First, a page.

Monday, July 29, 2013

We get by with a Little help from our "Friends"

Oh my, Diabetes Mine, you certainly seem to be poking some hornet nests of late.  First Wil's post on parents checking their kids at night (on which I left a comment, and really wanted to blog about; but... well, life. 'Nuff said).

The latest poke is Mike's post on the GAC, or Guest Assistance Card. The gist of his post was that PWD should not use such accommodations, unless absolutely necessary. He would rather the world see the type 1s can do anything anyone else can; including waiting 45 minutes in 100+ degree weather to ride a roller coaster. In direct sunlight.

I will be the first to loudly say that we used the GAC.  Was it absolutely necessary?  Who knows?  That is such a grey area and differs from person to person.  But for Elise, it was a must.

Issue #1: Elise runs high at theme parks.  That's just how she rolls.  Disney, Six Flags, state fairs, water parks... anything with a ride.  She wants to ride the biggest and the scariest rides she can, and that in turn makes her BG sky-rocket into the 400-500 range.  We usually run a 95% temp basal the entire time we are there, plus do a tonne of corrections, and can still only get her into the low 200s.  As a result, she feels crappy, and we have to take a lot of breaks.

Issue#2: Elise wears the pod.  We've been told that her body temperature *should* keep the insulin from going bad.  But when it is that hot, forget it... nothing will keep it from spoiling.  This means even more time outs for pod changes, shots etc. 

Issue #3: We worry about dehydration and its good friend, ketones.  In hot temperatures, everyone has to drink water, but because of Elise's elevated BGs, we PUSH water.  We want to make sure she is well hydrated and can keep the ketones at bay.  Add on some more time outs for many, many bathroom breaks.

All this adds up to a lot of sitting around, NOT doing what Elise wants to do; ride the BIG rides.  All of them.  Multiple times.  Over and over. And for the amount of money Disney charges for us to get in, she'd better be able to do just that.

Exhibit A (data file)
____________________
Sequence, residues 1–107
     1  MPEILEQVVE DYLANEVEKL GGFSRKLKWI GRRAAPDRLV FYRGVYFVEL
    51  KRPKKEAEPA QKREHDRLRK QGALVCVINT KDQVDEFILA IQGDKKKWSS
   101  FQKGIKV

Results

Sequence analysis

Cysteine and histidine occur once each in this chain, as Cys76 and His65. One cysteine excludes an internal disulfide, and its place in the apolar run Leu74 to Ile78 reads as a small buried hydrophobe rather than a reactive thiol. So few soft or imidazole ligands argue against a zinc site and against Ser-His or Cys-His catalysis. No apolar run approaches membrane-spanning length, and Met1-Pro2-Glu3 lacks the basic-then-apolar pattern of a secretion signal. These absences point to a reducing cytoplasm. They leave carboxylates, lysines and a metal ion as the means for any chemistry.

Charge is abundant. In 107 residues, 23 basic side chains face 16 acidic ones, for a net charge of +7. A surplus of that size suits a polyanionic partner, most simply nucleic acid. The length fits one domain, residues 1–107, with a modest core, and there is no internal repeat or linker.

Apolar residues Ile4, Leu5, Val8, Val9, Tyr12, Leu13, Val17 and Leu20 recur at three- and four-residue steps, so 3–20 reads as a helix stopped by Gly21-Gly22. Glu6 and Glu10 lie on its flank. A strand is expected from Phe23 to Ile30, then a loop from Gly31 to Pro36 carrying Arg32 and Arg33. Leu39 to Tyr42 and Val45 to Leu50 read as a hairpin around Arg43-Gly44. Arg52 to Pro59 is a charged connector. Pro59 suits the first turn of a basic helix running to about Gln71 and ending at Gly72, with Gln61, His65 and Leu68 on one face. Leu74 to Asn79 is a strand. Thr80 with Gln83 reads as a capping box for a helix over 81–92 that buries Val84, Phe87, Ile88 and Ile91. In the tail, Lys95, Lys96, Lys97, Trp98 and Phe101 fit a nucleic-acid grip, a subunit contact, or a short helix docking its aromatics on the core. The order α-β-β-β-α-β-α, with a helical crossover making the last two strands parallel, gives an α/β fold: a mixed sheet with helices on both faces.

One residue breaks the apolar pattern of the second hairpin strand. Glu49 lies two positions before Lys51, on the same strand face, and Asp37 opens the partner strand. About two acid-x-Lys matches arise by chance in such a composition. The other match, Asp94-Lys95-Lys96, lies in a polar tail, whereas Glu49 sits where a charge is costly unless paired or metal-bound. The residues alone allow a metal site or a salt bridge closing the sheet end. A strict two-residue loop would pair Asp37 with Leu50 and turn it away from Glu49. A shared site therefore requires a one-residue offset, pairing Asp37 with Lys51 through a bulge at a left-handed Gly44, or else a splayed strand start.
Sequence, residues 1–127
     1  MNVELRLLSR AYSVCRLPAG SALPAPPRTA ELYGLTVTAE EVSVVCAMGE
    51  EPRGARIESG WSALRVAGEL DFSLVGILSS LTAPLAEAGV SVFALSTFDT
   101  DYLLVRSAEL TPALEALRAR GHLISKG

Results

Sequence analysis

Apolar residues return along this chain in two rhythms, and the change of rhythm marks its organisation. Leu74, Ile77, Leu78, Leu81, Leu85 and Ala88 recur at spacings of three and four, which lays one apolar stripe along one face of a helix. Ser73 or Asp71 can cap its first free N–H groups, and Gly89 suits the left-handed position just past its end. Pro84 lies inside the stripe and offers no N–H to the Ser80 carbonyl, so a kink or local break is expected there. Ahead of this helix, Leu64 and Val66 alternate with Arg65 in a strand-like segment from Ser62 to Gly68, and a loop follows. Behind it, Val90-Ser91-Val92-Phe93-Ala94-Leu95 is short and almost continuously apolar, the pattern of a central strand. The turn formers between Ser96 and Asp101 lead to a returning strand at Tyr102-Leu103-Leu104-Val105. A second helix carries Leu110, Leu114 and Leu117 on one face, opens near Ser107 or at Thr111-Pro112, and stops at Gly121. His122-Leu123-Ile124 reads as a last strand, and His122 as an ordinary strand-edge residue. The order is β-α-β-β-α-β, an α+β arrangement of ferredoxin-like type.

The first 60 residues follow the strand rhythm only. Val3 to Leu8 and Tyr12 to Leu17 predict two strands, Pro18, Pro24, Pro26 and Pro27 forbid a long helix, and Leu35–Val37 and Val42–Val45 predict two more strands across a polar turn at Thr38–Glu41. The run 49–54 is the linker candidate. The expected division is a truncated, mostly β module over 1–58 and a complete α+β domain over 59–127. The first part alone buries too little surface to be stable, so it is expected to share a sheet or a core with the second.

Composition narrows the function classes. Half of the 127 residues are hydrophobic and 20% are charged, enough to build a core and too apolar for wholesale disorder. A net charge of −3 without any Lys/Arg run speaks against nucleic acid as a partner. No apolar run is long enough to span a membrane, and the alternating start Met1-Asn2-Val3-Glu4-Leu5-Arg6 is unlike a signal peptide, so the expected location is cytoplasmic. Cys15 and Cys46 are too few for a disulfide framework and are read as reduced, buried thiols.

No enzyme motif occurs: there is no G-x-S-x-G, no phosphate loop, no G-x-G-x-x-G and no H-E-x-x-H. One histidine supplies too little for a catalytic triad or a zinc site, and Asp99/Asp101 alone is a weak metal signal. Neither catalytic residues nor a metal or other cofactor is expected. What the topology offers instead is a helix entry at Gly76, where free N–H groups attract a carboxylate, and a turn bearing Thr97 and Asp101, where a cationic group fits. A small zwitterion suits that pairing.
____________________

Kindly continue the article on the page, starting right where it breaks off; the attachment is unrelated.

But if she's sitting in some air-conditioned room, fighting a BG of 450 and feeling so awful that she's crying, she can't.

And why can't she?  Because of diabetes.  We would never be in that situation if it wasn't for diabetes.  We can prepare until the cows come home and it STILL doesn't work. We didn't do anything wrong; unless taking a child with type 1 to a theme park knowing what it does to her blood sugar is wrong.  And if it is, I guess she CAN'T do everything a kid without type 1 can do.

As for the TSA Cares program, I will also continue to use it for as long as it's around.  All we want is for airport security everywhere to follow the same protocol for PWD and CWD.  TSA Cares helps in this regard. I'm not asking for special treatment, I just don't want to ever miss my flight again because the TSA won't follow their own rules.  

Look, I get that we want the world to see that PWD and CWD can do pretty much anything a person without diabetes can, but sometimes they need a little help.  There should be no shame in that. While I will never let Elise falsely use diabetes as an excuse, I want her to know that it's okay to ask for help. I don't see it as special treatment, I see it as a break.